With the compliance flexibilities woven into the CPP, states have an array of options before them. On the supply side, they need to assess opportunities to shift the mix of fuels used to generate electricity in their state. On the demand side, they need to consider options for decreasing electricity consumption through energy-efficiency programs and policies. Administratively, states need to choose between adhering to an emissions intensity goal or an equivalent CO2 emissions goal. In addition, they can elect to prepare an individual plan or a multi-state plan, and in either event they can design a policy pathway that facilitates regional trading of allowances.
This report uses state-of-the-art energy analysis tools to evaluate the pros and cons of these alternatives compliance options. As an initiative of the Georgia Institute of Technology, we not only examine the costs and benefits of various policy pathways from a national perspective, but we also focus on the applicability of these pathways to the South, where opportunities and conditions may suggest alternative policy agendas. We begin with an overview of state goals for the Clean Power Plan (Section 2). Our research questions are specified in Section 3, which is followed by a description of our research methodology (Section 4). Findings are then presented, beginning with an assessment of the effectiveness, costs and benefits of alternative low-carbon policy pathways (Section 5), with a particular emphasis on their fuel mix implications. The modeling results are then used to inform the pros and cons of regional vs state approaches (Section 6) and mass vs rate goals (Section 7). The reduction of other air pollutants are described in Section 8, and conclusions are summarized in Section 9.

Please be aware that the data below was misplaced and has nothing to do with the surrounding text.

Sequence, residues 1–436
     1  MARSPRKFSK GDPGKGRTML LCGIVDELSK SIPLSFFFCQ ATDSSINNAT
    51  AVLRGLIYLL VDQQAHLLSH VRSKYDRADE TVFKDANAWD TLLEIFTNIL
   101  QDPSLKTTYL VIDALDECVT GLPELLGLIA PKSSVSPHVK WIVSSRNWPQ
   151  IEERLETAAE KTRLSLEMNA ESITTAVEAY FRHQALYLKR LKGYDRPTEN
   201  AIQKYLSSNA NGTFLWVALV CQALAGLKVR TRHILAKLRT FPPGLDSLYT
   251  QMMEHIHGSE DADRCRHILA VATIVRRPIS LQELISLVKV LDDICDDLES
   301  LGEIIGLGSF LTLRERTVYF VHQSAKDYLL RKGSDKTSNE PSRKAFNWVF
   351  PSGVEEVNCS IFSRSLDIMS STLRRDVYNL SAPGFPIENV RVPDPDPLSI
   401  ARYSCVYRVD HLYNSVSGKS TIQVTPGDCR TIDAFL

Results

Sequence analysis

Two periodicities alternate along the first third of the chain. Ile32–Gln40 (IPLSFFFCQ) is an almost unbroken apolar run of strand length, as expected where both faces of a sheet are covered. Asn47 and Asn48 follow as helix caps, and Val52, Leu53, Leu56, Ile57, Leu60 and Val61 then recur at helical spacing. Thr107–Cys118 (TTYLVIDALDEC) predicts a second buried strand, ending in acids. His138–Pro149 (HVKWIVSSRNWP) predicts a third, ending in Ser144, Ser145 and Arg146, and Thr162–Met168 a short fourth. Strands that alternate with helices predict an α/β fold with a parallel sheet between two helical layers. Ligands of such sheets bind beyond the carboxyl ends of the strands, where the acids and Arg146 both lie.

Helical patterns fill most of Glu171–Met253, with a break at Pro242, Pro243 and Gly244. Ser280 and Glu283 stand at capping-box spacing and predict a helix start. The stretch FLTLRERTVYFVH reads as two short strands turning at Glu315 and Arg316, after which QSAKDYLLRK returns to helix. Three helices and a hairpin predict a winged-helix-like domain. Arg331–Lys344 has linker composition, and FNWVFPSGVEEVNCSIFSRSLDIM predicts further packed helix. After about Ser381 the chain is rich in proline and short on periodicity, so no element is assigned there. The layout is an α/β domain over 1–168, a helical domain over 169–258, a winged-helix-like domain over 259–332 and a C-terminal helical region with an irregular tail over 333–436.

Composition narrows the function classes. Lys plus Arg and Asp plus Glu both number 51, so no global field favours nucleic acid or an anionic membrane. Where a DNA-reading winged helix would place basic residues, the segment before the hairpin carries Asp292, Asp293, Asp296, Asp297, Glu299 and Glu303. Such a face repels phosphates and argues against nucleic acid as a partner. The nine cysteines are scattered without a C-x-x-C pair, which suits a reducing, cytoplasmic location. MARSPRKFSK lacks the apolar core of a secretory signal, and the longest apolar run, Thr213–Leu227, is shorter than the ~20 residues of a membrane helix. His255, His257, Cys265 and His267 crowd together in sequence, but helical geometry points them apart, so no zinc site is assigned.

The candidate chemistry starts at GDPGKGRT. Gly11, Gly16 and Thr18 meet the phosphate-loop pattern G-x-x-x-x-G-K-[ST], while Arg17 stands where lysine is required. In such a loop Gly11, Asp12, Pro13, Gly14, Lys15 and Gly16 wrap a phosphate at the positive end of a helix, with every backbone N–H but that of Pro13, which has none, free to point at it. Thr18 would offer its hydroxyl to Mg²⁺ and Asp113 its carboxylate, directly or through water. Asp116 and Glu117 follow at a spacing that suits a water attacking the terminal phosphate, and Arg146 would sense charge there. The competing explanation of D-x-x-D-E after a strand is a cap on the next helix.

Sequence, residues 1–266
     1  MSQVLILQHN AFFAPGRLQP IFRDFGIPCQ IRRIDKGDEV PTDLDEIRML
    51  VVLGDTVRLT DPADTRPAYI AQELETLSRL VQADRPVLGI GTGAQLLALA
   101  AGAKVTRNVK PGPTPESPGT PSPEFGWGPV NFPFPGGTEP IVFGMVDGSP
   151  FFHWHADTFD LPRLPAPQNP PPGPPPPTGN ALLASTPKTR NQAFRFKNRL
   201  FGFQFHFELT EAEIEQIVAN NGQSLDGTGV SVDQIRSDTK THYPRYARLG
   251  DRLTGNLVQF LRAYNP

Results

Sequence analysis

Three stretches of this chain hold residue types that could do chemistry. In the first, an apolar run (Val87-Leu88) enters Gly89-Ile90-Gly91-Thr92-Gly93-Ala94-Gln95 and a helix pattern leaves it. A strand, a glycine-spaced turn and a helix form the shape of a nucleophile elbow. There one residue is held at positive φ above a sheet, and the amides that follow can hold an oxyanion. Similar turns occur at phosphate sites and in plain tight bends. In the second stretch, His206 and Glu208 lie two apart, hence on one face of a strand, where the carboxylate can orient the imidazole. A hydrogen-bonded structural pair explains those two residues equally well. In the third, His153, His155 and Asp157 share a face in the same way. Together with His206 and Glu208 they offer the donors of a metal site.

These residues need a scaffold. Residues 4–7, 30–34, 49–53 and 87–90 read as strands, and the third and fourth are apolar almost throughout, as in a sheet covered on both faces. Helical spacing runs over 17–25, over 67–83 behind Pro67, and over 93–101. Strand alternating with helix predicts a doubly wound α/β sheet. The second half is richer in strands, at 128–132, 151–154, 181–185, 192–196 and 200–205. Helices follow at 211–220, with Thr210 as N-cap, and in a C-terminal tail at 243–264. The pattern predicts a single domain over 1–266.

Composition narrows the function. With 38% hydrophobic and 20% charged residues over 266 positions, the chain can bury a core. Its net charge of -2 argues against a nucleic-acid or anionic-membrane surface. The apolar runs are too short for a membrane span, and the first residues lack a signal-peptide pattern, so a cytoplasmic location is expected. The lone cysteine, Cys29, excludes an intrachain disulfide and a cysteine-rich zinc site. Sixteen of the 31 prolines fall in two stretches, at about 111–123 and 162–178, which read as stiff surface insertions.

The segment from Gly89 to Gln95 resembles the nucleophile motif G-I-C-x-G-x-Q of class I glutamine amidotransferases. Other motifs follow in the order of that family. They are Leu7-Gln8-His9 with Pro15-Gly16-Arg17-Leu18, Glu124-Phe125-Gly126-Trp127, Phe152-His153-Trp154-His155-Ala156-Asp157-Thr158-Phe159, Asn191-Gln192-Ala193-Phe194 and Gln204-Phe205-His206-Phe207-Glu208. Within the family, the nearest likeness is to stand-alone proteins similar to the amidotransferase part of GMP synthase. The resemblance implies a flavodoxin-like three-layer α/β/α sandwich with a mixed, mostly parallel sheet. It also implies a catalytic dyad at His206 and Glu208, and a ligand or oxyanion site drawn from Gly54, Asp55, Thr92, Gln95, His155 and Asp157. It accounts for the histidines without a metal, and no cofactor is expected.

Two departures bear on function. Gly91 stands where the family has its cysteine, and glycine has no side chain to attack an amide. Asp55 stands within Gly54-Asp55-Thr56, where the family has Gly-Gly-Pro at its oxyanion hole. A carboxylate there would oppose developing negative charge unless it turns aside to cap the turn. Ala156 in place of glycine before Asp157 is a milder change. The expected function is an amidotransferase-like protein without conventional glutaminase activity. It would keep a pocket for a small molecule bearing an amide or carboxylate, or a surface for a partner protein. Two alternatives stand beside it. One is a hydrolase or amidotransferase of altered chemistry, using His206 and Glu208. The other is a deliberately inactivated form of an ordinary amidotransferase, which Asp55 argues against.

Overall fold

About the Georgia Tech University School of Public Policy
We house one of the world’s top programs in the field of science and technology (S&T) policy. We are a university partner in the European Union’s network of excellence in technology and innovation policy (“PRIME”), and we host a major international conference on S&T policy that brings participants from every continent. Because nearly every policy area is intertwined with S&T issues — the environment, communications, transportation, biotechnology and health, urban development, workforce and education, — the School is at the center of a wide range of important international, national, and state policy questions.